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A comprehensive eye exam performed by a Doctor of Optometry is an important part of preventative health care. It can be likened to a physical for the eye because it looks at the entire eye and visual system, as well as prescriptions. Comprehensive eye exams can detect eye diseases and disorders such as glaucoma, cataracts, retinal detachments and macular degeneration, as well as other systemic health problems such as diabetes and high blood pressure. A comprehensive adult eye examination may include, but is not limited to the following tests (an individual patient’s presenting signs and symptoms, along with the professional judgment of the Optometrist, may significantly influence the testing done)

DIAGNOSIS

VISUAL ACUITY

The visual acuity test is used to determine the smallest letters you can read on a standardized chart (Snellen chart) or a card held 6 metres away.. Some Snellen charts are actually video monitors showing letters or images.

COLOR VISION

A screening test that checks your color vision often is performed early in a comprehensive eye exam to rule out color blindness. In addition to detecting hereditary color vision deficiencies, color vision tests also can alert your eye doctor to possible eye health problems that may affect your color vision.

CONTRAST SENSITIVITY

The ability to distinguish objects from the background in which they are located. It is a critical component of functionally adequate vision

SLIT LAMP EXAMINATION

The slit lamp is an instrument consisting of a light source that can be focused to shine a thin sheet of light into the eye. It is used in conjunction with a biomicroscope. The lamp facilitates an examination of the anterior segment and posterior segment of the human eye, which includes the eyelid, sclera, conjunctiva, iris, natural crystalline lens, and cornea. The binocular slit-lamp examination provides a stereoscopic magnified view of the eye structures in detail, enabling anatomical diagnoses to be made for a variety of eye conditions

SCHIRMER TEST

Schirmer's test determines whether the eye produces enough tears to keep it moist. This test is used when a person experiences very dry eyes or excessive watering of the eyes. It poses no risk to the subject. Schirmer's test uses paper strips inserted into the eye for several minutes to measure the production of tears. The exact procedure may vary somewhat. Both eyes are tested at the same time. Most often, this test consists of placing a small strip of filter paper inside the lower eyelid (inferior fornix). The eyes are closed for 5 minutes. The paper is then removed and the amount of moisture is measured. Sometimes a topical anesthetic is placed into the eye before the filter paper to prevent tearing due to the irritation from the paper. The use of the anesthetic ensures that only basal tear secretion is being measured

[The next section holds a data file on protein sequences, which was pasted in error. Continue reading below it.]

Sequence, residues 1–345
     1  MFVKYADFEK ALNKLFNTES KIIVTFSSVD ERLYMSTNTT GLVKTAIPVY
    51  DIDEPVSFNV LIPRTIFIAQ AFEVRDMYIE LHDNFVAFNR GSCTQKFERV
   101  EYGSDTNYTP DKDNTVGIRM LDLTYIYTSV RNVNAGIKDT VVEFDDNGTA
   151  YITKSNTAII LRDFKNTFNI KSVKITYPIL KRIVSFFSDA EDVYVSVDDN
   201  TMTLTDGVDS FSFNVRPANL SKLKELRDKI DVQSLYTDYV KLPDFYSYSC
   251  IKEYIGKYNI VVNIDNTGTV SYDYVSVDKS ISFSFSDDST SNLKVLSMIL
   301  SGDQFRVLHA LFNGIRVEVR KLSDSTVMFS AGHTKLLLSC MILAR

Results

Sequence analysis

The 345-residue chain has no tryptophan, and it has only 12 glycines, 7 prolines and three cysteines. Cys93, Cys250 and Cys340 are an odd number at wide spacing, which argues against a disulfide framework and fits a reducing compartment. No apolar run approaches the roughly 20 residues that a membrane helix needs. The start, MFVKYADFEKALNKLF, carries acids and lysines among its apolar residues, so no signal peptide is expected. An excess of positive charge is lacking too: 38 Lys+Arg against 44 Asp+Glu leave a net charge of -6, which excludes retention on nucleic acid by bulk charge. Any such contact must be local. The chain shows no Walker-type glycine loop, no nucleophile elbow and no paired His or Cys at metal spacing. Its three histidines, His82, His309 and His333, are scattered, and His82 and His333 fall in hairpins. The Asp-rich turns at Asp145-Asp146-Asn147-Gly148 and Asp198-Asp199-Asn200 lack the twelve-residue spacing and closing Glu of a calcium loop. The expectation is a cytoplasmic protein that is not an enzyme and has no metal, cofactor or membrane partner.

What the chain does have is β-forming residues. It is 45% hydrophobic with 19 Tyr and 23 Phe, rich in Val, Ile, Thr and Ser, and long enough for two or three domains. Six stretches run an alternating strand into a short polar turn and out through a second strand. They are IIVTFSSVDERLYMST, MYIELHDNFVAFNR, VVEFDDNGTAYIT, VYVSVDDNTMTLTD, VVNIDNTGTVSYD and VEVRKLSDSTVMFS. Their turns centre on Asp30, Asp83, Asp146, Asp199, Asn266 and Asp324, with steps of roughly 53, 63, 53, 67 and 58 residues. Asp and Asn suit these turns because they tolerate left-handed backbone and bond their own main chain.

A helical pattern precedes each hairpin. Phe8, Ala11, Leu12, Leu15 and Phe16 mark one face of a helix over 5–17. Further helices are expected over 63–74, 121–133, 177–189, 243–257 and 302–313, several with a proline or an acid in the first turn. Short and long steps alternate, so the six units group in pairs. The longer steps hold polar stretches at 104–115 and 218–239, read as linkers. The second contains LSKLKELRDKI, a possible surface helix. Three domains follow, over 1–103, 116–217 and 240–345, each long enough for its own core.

COVER TEST

The cover test is the simplest and most common. During a cover test, your eye doctor will ask you to focus on a small object across the room and will then cover each of your eyes alternately while you stare at the target. The test is then repeated with you looking at a near object.
During these tests, your eye doctor will assess whether the uncovered eye must move to pick up the fixation target, which could indicate strabismus or a more subtle binocular vision problem that could cause eye strain or amblyopia

OCULAR MOTILITY (EYE MOVEMENTS) TESTING

Ocular motility testing is performed to determine how well your eyes can follow a moving object and/or quickly move between and accurately fixate on two separate targets.
Testing of smooth eye movements ("pursuits") is more common. Your eye doctor will have you hold your head still and ask you to follow the slow movement of a hand-held light or other target with just your eyes. If quick eye movements ("saccades") also are tested, your eye doctor might have you move your eyes back and forth between two targets positioned some distance apart from each other.
Problems with eye movements can cause eye strain and may affect reading ability, sports vision and other skills.